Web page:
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Rotorua, New Zealand is a treasure trove of diverse historical sites, including both colonial and Māori legacies. Visit these sites for a look back in time to see how modern life in Rotorua (and beyond) has been shaped by a diverse and colourful history.
Rotorua’s complex culture, volatile geology and eventful history are summed up beautifully in this world-class museum, located in Rotorua’s iconic Bath House building. Rotorua Museum features striking exhibitions, rotating art galleries, multimedia activities and in-depth guided tours that bring to life the amazing stories of this unique region.
Ohinemutu /St Faith Anglican Church
Located adjacent to Rotorua’s CBD is the Māori village of Ohinemutu, home to the Ngāti Whakaue tribe, a sub-tribe of the Te Arawa waka (canoe) that first landed on the shores of New Zealand. With its lakeside setting and abundant geothermal resources, this was an ideal spot for early Māori settlers and a growing population.
A self-guided walking tour of the area is free to visitors, who are welcome to view the outdoor cooking arrangements and bathing sheds that are still utilised by the modern inhabitants. Towards the lake's edge is the historic and magnificently decorated St Faith’s Church, which was completed in 1914. The church combines a Tudor-style exterior with a strong Māori influence in the interior, including beautiful carvings, woven panels and a window etching of Jesus wearing a Māori cloak and appearing to walk across the surface of Lake Rotorua.
For over 200 years, the Tuhourangi/Ngati Wahiao tribe have welcomed visitors into their backyard, allowing them to experience the culture of Rotorua. Whakarewarewa Living Māori Village honours this legacy today, treating visitors to tours, cultural performances and demonstrations of traditional living that continue to provide a framework for day-to-day living. Treat yourself to a traditionally prepared hangi and re-live the history of this Māori village with stories from tour guides whose families have lived on site for more than five generations.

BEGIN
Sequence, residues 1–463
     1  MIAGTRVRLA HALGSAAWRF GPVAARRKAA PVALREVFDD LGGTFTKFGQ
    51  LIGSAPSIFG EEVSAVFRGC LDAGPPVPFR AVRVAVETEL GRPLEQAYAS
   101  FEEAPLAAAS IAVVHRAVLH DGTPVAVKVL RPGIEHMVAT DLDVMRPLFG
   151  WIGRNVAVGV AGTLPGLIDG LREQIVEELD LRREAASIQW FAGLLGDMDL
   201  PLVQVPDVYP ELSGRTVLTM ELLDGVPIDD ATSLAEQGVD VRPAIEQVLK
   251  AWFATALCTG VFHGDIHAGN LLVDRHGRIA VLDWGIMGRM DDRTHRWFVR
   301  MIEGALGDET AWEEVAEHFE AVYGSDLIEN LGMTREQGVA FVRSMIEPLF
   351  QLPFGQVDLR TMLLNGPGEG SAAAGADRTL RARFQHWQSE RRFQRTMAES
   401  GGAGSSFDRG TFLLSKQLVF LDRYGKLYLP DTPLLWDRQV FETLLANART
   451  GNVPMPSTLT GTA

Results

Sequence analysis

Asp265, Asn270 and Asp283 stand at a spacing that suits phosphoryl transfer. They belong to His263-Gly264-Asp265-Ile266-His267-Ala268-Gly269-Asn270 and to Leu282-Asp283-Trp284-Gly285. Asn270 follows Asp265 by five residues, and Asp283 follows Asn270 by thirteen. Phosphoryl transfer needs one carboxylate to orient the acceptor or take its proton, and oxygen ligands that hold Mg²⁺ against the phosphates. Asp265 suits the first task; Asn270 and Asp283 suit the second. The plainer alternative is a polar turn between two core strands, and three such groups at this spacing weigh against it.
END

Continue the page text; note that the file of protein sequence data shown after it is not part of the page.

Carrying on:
The Buried Village of Te Wairoa
Currently one of New Zealand’s most visited historic sites, The Buried Village has origins that can be traced back generations and is widely regarded as a birthplace of the New Zealand Tourism Industry. Originally the point of departure for visits to the world-famous Pink and White Terraces, the fate of the village changed dramatically with 1886 eruption of Mt Tarawera, which buried the village of Te Wairoa in ash and mud. In 1931, restoration and excavation of the site began, unearthing relics of the past and providing clues to the events surrounding the fateful eruption. Nearly 80 years on, in the tradition of generational duty, a third generation of caretakers continue the guardianship of the Buried Village. Building on the handwork of their forbearers, they have developed the site into an award winning heritage attraction that is visited yearly by thousands of people from all over the world.
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The 1886 eruption of Mt Tarawera was one of New Zealand's greatest natural disasters. Rocks, ash, and mud bombarded the peaceful village of Te Wairoa, leaving a tomb of ash and mud. Now you can see what lies beneath at this carefully excavated site
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